The process is conducted by passing an inert carrier gas such as nitrogen, argon, helium or hydrogen through the mixture of solid metal precursor and liquid of relatively low volatility as by employing a bubbler of the type typically used in a MOCVD process. This contacting is typically conducted at ambient temperature, e.g., from about 15° C. to about 30° C., and a pressure sufficient to cause passage of the carrier gas through the mixture. Without wishing to be bound by any particular theory, it appears probable that the carrier gas becomes at least substantially saturated with metal precursor vapor by passage through the liquid and by contact with the surface of the solid metal precursor. The liquid of relatively low volatility does not vaporize to any considerable extent and thus does not form a major constituent of the carrier gas leaving the bubbler. As the carrier gas depletes the dissolved metal precursor of the liquid of relatively low volatility, additional solid metal precursor dissolves to maintain saturation of the liquid by metal precursor. Thus, the carrier gas leaving the bubbler will remain substantially saturated in metal precursor vapor until a high proportion, e.g., at least about 80% by weight, of the metal precursor has been volatilized and removed. The process provides relatively high and relatively constant concentrations of metal precursors such as trimethylindium in the carrier gas which is then usable in MOCVD processes to produce high quality, reproducible deposits of metal on solid substrates.
The process is particularly useful for the deposition of indium from trimethylindiun for electrical and electronic applications.
The invention is further illustrated by the following Illustrative Embodiments which should not be regarded as limiting.
To 100g of trimethylindium was added 140g of hexadecane and the mixture was allowed to stand overnight. During this time 3g of the trimethylindium dissolved and a slush of trimethylindium in 143g of liquid phase had formed. The total contents were transferred to a conventional MOCVD bubbler which was held at 25° C. with a flow rate for carrier gas of 200 standard cm3 /minute. The bubbler was used as the source of indium and gave a reproducible dosimetry until more than 80% of the original trimethylindium had been consumed.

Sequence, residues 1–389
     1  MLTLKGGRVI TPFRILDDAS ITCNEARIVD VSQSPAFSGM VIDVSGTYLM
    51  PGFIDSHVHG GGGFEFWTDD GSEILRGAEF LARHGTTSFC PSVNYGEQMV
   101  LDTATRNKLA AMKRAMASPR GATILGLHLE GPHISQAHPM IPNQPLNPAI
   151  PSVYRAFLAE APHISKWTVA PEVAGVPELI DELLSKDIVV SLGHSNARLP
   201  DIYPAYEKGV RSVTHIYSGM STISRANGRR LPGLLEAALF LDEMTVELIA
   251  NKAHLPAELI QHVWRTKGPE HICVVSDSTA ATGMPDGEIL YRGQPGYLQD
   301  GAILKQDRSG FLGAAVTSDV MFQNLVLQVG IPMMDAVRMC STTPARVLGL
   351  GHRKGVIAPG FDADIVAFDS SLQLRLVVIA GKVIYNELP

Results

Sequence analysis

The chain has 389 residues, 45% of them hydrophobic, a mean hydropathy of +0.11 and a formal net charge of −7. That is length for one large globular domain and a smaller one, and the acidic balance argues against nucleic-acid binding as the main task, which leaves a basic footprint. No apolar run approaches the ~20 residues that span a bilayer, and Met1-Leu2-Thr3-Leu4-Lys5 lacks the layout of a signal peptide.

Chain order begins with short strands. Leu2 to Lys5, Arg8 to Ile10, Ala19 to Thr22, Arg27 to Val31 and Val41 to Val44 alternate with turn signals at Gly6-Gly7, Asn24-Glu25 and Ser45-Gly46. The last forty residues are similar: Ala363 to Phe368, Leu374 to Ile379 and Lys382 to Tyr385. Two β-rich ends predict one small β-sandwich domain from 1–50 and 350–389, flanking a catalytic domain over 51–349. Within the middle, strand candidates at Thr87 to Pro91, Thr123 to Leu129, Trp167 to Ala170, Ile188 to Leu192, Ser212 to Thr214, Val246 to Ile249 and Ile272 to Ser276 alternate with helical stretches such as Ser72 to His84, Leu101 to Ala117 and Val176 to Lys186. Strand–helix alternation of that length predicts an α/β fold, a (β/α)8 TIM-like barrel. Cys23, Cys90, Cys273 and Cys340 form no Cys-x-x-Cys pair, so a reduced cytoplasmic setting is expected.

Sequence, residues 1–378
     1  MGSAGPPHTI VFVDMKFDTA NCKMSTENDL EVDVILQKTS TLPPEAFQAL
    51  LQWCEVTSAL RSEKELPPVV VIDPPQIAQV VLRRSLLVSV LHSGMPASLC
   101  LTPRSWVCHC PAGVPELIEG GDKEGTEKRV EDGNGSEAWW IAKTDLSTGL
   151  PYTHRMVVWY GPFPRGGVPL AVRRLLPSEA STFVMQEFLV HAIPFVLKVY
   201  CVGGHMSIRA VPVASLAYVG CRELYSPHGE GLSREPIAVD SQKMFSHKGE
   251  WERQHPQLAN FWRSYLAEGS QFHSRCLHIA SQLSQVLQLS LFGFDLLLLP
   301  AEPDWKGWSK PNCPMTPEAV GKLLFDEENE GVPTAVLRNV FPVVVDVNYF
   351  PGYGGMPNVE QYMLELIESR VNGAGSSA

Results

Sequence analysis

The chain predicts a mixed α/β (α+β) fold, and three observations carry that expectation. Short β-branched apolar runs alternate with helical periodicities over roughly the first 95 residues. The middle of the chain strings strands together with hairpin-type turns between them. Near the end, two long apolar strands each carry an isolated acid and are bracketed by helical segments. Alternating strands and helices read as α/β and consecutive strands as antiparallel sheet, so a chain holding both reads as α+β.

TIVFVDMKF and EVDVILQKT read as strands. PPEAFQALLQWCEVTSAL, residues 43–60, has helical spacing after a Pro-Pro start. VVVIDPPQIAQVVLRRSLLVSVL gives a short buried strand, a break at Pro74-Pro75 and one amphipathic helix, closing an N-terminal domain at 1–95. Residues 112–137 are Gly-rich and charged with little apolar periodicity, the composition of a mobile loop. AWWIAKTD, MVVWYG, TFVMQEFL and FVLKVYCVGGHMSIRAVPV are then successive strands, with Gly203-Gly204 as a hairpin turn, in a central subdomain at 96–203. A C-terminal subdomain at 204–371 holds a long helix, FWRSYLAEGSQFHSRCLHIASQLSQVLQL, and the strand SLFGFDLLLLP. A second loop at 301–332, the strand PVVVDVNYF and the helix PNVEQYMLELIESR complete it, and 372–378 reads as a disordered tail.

Seventy grams of solid trimethylindium and 12.7g of N,N-dimethyldodecylamine were added to a cylindrical stainless steel bubbler. The contents were held at 30° C. until 17g of the solid dissolved. Platinum-diffused hydrogen was used as the carrier gas to entrain and remove the dimethylindium. At a continuous carrier gas flow rate of 500 standard cm3 /minute, a stable output of trimethylindium, i.e., a constant concentration of trimethylindium in the carrier gas, was obtained until only about 5g of the solid trimethylindium remained.
For comparison, 50g of solid trimethylindium was placed in a similar vessel. Under identical conditions of flow of carrier gas and temperature, a progressive depletion of the output of trimethylindium was observed after 23g of the trimethylindium had been consumed. The depletion was observed even though the flow of carrier gas was intermittently stopped to allow the gas to regain saturation.
To 100g of trimethylindium was added 5g of 1,3,5-triethylhexahydro-1,3,5-triazine and the resulting mixture was allowed to stand overnight at 25° C. After this time, 14g of the trimethylindium had dissolved in the amine and a slush of trimethylindium in 19g of liquid phase had formed. This slush was used to obtain a reproducible dosimetry of trimethylindium as described in Illustrative Embodiment I.
To 100g of trimethylindium was added 2g of tetraglyme and the mixture was allowed to stand overnight at 25° C. After this time 6.6g of the trimethylindium had dissolved to form a slush of trimethylindium in 8.6g of liquid phase. The slush was used to obtain a reproducible dosimetry of trimethylindium as described in Illustrative Embodiment I.
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|U.S. Classification||427/124, 117/955, 438/681, 427/252, 117/99, 117/104, 117/954, 117/953|
|International Classification||C30B25/02, C23C16/30, C23C16/44, C23C16/448, C23C16/455, C30B25/14|
|Cooperative Classification||C30B25/02, C23C16/4482, C30B29/02, C23C16/301, C30B25/14, C30B29/40|
|European Classification||C23C16/30B, C30B25/14, C23C16/448B2, C30B25/02, C30B29/40, C30B29/02|